Figurative language. Scripture prefers to convey truths by pictorial representations rather than through abstract language. Scripture abounds in word-pictures for God, God's people, and their experience of salvation.
The challenge of theology (“talk about God”) is to express truths about God in human language. Scripture itself witnesses the difficulty of this task, “To whom will you liken me, and make me equal, and compare me that we may be like” (Isaiah 46:5). The living God is not to be equated with any one manageable image. Idolatry is essentially the attempt to reduce God to an image or label. The multiplicity of Old Testament literary images for God serves as a corrective of human attempts to box God in. Some images for God are inanimate: stone (Genesis 49:24); fortress (2 Samuel 22:2); fountain of living waters (Jeremiah 2:13). There is little danger of confusing God with such images. Other images of God are personal: father (Malachi 1:6); husband (Hosea 2:16); shepherd (Psalms 23:1); judge, lawgiver, and king (Isaiah 33:22); teacher (Isaiah 28:26); healer (Jeremiah 30:17); warrior (Exodus 15:1,Exodus 15:3); farmer (Isaiah 5:2-7). With such personal images, the danger of confusing “God is like” with “God is” is real. A challenging corrective is offered by the less familiar feminine images for God, for example, that of a mother bird sheltering her young (Ruth 2:12;
Psalms 17:8). Also suggestive of a mother's tenderness are the images of carrying a child from birth (Isaiah 46:3), teaching a child to walk (Hosea 11:3), child feeding (Hosea 11:4), and child rearing (Isaiah 1:2).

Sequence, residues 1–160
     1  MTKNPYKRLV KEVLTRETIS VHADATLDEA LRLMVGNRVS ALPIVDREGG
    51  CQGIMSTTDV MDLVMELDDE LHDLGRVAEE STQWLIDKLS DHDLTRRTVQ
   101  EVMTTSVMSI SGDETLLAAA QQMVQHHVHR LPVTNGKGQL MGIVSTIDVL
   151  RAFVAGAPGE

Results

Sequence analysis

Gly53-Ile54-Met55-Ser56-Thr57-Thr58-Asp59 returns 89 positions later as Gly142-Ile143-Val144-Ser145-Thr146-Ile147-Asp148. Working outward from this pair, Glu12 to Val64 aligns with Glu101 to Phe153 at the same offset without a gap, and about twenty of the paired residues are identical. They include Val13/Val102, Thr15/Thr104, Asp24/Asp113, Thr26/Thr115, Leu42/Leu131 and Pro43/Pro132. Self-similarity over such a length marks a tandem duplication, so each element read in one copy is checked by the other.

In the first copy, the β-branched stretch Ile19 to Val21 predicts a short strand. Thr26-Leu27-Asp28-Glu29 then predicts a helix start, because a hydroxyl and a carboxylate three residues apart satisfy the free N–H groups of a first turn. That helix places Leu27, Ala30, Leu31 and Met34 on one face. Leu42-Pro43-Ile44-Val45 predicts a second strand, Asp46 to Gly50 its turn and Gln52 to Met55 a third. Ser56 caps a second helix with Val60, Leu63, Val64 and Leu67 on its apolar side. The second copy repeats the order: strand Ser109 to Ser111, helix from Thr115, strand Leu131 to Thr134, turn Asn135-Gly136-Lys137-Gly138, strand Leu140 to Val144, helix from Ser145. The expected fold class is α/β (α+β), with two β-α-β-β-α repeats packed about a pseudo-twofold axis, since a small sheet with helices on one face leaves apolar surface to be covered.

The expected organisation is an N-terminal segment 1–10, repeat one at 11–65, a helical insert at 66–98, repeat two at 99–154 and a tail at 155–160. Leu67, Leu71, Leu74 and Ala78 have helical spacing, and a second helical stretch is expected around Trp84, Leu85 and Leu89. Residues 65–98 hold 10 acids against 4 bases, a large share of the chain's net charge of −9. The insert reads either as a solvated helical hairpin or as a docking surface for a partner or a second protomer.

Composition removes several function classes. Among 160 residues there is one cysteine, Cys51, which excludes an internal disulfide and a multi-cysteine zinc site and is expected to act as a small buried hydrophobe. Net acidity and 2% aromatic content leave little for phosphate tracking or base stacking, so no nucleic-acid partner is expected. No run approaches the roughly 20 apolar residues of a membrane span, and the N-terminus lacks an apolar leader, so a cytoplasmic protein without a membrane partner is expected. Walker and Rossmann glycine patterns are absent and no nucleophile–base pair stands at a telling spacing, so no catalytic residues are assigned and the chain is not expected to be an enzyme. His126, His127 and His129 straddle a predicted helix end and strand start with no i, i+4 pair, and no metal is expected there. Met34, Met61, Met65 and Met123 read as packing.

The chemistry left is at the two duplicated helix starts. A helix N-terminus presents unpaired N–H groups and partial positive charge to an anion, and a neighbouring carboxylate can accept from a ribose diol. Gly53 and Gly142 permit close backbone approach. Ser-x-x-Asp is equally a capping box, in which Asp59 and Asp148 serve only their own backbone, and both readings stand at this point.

In His parables, Jesus continued the Old Testament practice of using vivid images for God: a shepherd seeking one lost sheep (Luke 15:4-7); a woman seeking one lost coin (Luke 15:8-10); a father waiting patiently for the return of one son and taking the initiative to reconcile the other (Luke 15:11-32). Images are also used to teach who Jesus the Christ is: word (John 1:1); light (John 8:12); bread and wine (Matthew 26:26-29); vine (John 15:1); the way (John 14:6).
Imagery is also used to depict the people of God and their experience of salvation. The Old Testament pictures God's people as: a faithless wife (Jeremiah 3:20); a wild vine (Jeremiah 2:21); a wild donkey in heat (Jeremiah 2:24); God's beloved (Jeremiah 11:15); God's bride (Jeremiah 2:2); God's servant (Jeremiah 30:10); and God's son (Hosea 11:1). New Testament images include: light (Matthew 5:14); salt (Matthew 5:13); vine branches (John 15:5); a new creation (2 Corinthians 5:17); God's temple (1 Corinthians 3:16); and a royal priesthood (1 Peter 2:9; compare
Exodus 19:6). Images for salvation are drawn from all walks of life: the law courts (Romans 7:3;
Hebrews 9:16-17); slave market (Titus 2:14); marketplace (1 Corinthians 6:20;
1 Corinthians 7:23); and the family (Romans 8:17,Romans 8:23). The multiplicity of images again witnesses the rich experience of God's people. See Anthropomorphism; Parables.